Collages and boxes are important among Raphael Collazo's early works because they foreshadow the use of collage, assemblage and appliqué in his mature paintings.

The Performers Gesvaldo is a fine example of the figurative drawings of 1969 that immediately preceded the artist's earliest collages, in 1970. Such delicate, figurative works were shown with the collages in his first one-person exhibition, at the Galería Santiago in San Juan, Puerto Rico in 1971. The collages titled Lady Lovely & Lover and The Best from Vogue are of that period; and it is certain that Palace Theater, Room with Brown Floor and an early state of Picture Box, without the figure, were in the exhibition.1 A favorite motif of Collazo's, and one that returns in later work, is a room opening onto another room which opens onto yet another room and so on, endlessly. The artist exploited this effect, similar to the infinity of reflections in two facing mirrors (which he used literally in Picture Box), to achieve both spatial and psychological dimension.

By 1972, Collazo was assembling boxes with the "intimate nuances"2 of Joseph Cornell's (1903-1972). This homage to a revered artist began before Cornell passed away, at the end of that year, and continued throughout 1973. Among these Early Boxes; Swaneria: Marina's Dream is a tribute to Collazo's mother, seen in a bathing suit in the lower left, with plastic swans, ballerinas, parakeets and toy Spanish fans set against a landscape painting and a map of the constellations. The opulent Elephant Palace displays a multifarious collection of souvenirs and ornamental objects, including a bejeweled elephant. French Castle juxtaposes a Renaissance castle and a noble steed of the Feudal Age with an Industrial Age auto junkyard, inducing contemplation about time and the "progress" of civilization. Planetary Box is a reminiscence on early scientific investigation with references to astronomy, chemistry and electricity. Royal Brighton Swan Box rises to an indefinable poetry.

Appearing to date from the same period are an assemblage, The Jester, perhaps inspired by Watteau's commedia dell'arte paintings, and a collage, Grid of Twelve Collages. In the latter, the many references to flight throughout the ages and the eighteenth century French figures create the acute sense of passing through time that Ernest Acker-Gherardino identified in Collazo's work.3 The dancing figure in the lower right corner is echoed in Arcana Mundi more than a decade afterward and the butterflies presage the Nymphal Instars paintings.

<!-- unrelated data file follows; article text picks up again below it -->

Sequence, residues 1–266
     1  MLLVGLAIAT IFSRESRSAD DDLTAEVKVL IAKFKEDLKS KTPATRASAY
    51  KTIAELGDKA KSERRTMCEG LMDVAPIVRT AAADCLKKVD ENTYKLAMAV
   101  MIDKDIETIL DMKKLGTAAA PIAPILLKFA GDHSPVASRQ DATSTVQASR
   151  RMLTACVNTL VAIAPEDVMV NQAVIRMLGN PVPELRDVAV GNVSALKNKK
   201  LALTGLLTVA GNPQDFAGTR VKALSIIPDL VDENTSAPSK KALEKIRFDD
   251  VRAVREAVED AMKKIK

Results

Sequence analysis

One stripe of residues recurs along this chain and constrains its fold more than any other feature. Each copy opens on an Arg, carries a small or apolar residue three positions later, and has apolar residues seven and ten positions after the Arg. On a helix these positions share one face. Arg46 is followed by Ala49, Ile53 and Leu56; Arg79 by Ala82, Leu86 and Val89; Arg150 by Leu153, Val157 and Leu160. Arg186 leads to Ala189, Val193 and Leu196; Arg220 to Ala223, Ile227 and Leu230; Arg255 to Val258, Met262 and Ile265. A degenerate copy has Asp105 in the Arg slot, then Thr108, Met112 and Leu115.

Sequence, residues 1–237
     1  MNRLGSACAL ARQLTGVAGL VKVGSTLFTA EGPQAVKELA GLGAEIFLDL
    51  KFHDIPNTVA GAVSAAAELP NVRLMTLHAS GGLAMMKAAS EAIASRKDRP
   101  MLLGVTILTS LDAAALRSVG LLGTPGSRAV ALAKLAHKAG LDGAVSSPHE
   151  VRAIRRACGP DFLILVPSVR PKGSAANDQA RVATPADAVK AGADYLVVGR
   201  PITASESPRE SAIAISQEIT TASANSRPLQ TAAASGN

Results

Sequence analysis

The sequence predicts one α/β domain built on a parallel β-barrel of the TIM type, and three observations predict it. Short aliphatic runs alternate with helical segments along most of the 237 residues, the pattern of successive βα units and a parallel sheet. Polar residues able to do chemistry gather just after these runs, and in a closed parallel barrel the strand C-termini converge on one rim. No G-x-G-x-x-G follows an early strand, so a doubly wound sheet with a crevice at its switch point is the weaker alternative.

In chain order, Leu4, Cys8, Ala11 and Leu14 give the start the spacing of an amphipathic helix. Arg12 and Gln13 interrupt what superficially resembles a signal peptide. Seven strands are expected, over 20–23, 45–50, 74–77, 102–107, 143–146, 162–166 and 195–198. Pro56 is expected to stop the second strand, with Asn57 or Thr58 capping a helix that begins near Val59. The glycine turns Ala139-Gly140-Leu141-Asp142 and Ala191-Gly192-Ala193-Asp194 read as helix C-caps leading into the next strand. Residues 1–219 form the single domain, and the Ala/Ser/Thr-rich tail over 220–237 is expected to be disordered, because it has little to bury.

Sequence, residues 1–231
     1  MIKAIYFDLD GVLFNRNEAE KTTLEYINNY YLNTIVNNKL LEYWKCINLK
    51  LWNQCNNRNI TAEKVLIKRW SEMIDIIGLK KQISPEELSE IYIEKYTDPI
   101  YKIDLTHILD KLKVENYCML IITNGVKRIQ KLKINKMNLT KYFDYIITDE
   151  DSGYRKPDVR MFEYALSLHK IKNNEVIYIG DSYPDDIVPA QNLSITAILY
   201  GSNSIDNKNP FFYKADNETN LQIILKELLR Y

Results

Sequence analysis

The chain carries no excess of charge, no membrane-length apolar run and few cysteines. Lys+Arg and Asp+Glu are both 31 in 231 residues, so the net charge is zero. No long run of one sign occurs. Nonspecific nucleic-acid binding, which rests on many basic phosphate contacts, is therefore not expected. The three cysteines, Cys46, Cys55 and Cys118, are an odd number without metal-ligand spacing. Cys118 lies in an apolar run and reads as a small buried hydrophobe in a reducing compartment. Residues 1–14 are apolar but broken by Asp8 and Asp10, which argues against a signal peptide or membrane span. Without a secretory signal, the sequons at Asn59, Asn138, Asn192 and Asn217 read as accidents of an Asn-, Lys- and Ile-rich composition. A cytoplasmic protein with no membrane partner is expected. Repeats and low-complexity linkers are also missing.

Against color fields of copper and turquoise, 18th Century Abstract, of 1975, contains an Abstract Expressionist cherub and a collage of eighteenth century French figures reminiscent of those in The Best from Vogue and Palace Theater. The Rococo was a continuing influence on the artist, despite his supposed farewell to it in Goodbye Rococo, of 1986.

The prophetic Annunciation, circa 1976, is collaged in the upper right corner with a print of Leonardo da Vinci's masterpiece of the same name, the inspiration for this ambitious work. Referring to Collazo, Acker-Gherardino wrote: "As he describes the painting of this picture: he had done a large rendering of Leonardo's Annunciation, so fascinated was he with this master work of the Renaissance painter. Then, he proceeded to 'bring it up to date' by overpainting with sgraffito-like gestures. He 'attacked' the rendered work as time attacks everything, symbolically obscuring it in skeins of event, enriching it with experience."4

In 1980, the artist delighted himself and his friends with a humorously-titled creation, Low Fat & Fish Eye, in which a goldfish swims upside-down in an aquarium and, in the room behind, a decidedly not "low fat" personage is seated. A yellow "wall" suggests yet another room in an "endless" series. This work, therefore, contains four distinct spatial entities: the aquarium itself, containing its watery realm and inhabitant; the room containing the aquarium; the room containing the figure; and the distant yellow "room", which could just as well be the sun-filled world outside, opening onto space and at the same time containing all of the interior volumes. Collazo thus achieved great depth and, thereby, psychological dimension: an introspective pondering of the infinite.